Science News
from research organizations

Breast cancer adjuvant therapy benefit can wax and wane over time, study finds

Therapies completed years ago may not keep covering survivors

Date:
November 2, 2015
Source:
University of Texas Health Science Center at San Antonio
Summary:
More research of the long-term effects of adjuvant therapies for breast cancer is needed, after a study found that effects of these therapies often vary over time.
Share:
FULL STORY

After breast cancer surgery, women are prescribed adjuvant (or follow-up) therapies such as chemotherapy and endocrine drugs to reduce the risk of the cancer returning. It's been assumed that the treatment effects of these therapies remain constant over time, but a new study from the Cancer Therapy & Research Center (CTRC) at The University of Texas Health Science Center at San Antonio suggests the opposite is true.

The study, published this week in the Journal of the National Cancer Institute, looked at 19 breast cancer adjuvant therapy clinical trials of the National Surgical Adjuvant Breast and Bowel Project (NSABP). Therapies were evaluated for relative benefit, defined as the percentage by which they reduced recurrence and death among study participants.

Researchers found time-varying treatment effects of adjuvant therapies in nearly half of the trials (nine of 19). "In some trials, the benefit diminished at specific points of time after surgery," said study senior author Ismail Jatoi, M.D., Ph.D., FACS. "In other trials, there was no benefit early on, but then there was a delayed benefit that emerged more than one year after surgery."

In one clinical trial, the researchers found that a regimen provided initial benefit, but then a subsequent disadvantage, to patients, he said. Dr. Jatoi is the Dale H. Dorn Chair in Surgery in the School of Medicine at the UT Health Science Center, and serves as professor and chief of the Division of Surgical Oncology and Endocrine Surgery.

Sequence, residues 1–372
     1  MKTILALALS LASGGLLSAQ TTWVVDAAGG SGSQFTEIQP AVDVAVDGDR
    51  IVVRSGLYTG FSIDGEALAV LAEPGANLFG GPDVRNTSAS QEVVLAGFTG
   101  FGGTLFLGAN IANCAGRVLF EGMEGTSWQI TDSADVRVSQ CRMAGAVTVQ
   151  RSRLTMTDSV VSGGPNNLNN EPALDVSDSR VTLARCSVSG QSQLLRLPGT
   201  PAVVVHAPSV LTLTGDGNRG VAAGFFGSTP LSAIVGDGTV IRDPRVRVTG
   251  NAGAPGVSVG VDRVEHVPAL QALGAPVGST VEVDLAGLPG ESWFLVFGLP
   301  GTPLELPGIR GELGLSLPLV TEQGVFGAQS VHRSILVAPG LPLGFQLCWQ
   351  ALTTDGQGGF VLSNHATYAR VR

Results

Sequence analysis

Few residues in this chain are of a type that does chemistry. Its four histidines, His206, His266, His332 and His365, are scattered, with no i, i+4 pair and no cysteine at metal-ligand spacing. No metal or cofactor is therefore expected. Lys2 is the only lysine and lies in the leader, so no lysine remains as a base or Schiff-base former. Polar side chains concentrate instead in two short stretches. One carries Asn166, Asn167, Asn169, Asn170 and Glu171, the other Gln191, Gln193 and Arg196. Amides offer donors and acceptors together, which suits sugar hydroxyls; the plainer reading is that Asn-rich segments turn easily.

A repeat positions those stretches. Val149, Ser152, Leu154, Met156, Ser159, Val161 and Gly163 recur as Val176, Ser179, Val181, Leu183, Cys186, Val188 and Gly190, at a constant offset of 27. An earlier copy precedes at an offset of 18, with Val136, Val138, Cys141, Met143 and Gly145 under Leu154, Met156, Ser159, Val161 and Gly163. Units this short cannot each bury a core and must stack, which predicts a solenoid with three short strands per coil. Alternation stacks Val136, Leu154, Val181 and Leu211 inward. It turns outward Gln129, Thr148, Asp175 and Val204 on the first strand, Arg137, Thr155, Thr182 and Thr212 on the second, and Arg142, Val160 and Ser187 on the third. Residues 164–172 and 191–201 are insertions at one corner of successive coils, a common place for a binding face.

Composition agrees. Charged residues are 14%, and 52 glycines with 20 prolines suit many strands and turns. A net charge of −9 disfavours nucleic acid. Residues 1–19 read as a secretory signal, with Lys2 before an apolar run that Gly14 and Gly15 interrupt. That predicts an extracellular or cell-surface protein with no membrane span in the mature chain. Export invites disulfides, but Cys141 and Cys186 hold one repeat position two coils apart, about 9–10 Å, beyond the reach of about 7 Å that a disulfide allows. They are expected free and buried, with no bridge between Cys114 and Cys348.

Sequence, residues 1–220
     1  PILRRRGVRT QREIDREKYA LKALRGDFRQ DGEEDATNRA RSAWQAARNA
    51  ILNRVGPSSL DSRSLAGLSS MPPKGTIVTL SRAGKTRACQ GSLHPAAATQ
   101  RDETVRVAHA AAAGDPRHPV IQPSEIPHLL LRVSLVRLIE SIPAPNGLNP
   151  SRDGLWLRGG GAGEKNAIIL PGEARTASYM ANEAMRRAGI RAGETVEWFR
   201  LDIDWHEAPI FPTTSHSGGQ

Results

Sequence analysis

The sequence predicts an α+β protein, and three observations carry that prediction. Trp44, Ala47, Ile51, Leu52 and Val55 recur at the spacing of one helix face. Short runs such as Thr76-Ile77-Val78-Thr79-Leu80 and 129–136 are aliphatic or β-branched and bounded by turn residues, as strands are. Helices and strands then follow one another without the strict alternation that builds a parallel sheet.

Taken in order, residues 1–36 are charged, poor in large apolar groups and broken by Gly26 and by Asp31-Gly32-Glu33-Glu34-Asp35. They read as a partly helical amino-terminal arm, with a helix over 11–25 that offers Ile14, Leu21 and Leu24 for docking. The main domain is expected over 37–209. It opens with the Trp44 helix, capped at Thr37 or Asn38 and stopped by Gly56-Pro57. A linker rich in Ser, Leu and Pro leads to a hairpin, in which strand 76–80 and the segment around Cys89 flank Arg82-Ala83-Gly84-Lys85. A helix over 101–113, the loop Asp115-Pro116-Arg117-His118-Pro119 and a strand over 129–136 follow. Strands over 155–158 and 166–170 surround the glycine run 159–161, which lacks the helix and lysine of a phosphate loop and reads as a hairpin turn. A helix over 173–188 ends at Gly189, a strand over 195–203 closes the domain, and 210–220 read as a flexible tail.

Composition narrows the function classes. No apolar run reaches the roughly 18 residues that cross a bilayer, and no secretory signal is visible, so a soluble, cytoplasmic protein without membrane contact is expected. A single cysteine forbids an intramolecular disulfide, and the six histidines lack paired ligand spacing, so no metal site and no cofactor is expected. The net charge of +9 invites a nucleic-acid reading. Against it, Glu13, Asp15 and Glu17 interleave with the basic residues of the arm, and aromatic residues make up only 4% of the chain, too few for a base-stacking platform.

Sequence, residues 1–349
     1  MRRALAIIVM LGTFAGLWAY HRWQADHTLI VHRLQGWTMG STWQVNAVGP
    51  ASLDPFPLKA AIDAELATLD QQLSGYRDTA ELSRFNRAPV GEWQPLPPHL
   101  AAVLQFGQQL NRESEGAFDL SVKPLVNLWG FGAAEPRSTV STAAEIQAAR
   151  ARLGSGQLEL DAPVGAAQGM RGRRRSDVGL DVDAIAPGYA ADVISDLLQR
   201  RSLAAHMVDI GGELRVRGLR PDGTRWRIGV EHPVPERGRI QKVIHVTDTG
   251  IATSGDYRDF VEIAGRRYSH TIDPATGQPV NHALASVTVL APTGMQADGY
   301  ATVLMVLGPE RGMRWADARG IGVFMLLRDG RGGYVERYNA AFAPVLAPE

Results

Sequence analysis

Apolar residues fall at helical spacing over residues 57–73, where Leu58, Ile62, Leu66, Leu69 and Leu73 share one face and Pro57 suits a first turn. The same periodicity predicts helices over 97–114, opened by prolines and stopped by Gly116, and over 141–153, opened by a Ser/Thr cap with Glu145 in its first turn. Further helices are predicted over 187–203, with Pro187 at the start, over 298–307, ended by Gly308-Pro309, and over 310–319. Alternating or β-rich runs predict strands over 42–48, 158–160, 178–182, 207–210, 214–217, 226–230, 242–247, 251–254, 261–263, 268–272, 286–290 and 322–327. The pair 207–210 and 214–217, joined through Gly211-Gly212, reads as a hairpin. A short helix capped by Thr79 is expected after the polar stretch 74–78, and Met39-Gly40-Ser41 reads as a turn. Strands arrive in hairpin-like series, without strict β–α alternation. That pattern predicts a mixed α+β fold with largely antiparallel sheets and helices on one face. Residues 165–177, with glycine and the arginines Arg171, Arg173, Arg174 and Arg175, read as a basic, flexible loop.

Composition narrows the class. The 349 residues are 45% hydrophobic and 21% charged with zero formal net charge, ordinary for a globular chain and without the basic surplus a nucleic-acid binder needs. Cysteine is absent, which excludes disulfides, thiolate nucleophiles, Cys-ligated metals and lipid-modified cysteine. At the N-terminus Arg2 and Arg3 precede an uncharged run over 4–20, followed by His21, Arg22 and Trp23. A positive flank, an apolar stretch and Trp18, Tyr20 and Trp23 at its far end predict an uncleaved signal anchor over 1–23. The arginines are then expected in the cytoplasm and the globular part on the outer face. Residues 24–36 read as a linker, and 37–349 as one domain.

The findings may change the way oncologists talk to their patients about effects of treatments they are receiving, Dr. Jatoi said.

"We are seeing more and more long-term survivors of breast cancer who had these treatments many years ago," Dr. Jatoi said. "The question is, if these treatment effects have waned, should we consider extended adjuvant treatment regimens for the long term in some patients."

Adjuvant therapy trials should be designed and interpreted with this in mind, Dr. Jatoi said.

In 2011, Dr. Jatoi wrote a viewpoint article published in the Journal of Clinical Oncology in which he proposed that treatment effects of adjuvant therapy regimens might vary over time. He approached the NSABP, one of the nation's largest clinical trials groups, about doing a study. NSABP statisticians Hanna Bandos, Ph.D., and Jong Hyeon Jeong, Ph.D., conducted much of the work and are co-authors of the study.


Story Source:

Materials provided by University of Texas Health Science Center at San Antonio. Note: Content may be edited for style and length.


Journal Reference:

  1. Ismail Jatoi, Hanna Bandos, Jong-Hyeon Jeong, William F. Anderson, Edward H. Romond, Eleftherios P. Mamounas, Norman Wolmark. Time-Varying Effects of Breast Cancer Adjuvant Systemic Therapy. Journal of the National Cancer Institute, 2015; 108 (1): djv304 DOI: 10.1093/jnci/djv304

Cite This Page:

University of Texas Health Science Center at San Antonio. "Breast cancer adjuvant therapy benefit can wax and wane over time, study finds: Therapies completed years ago may not keep covering survivors." ScienceDaily. ScienceDaily, 2 November 2015. <www.sciencedaily.com/releases/2015/11/151102131520.htm>.
University of Texas Health Science Center at San Antonio. (2015, November 2). Breast cancer adjuvant therapy benefit can wax and wane over time, study finds: Therapies completed years ago may not keep covering survivors. ScienceDaily. Retrieved May 26, 2017 from www.sciencedaily.com/releases/2015/11/151102131520.htm
University of Texas Health Science Center at San Antonio. "Breast cancer adjuvant therapy benefit can wax and wane over time, study finds: Therapies completed years ago may not keep covering survivors." ScienceDaily. www.sciencedaily.com/releases/2015/11/151102131520.htm (accessed May 26, 2017).

RELATED STORIES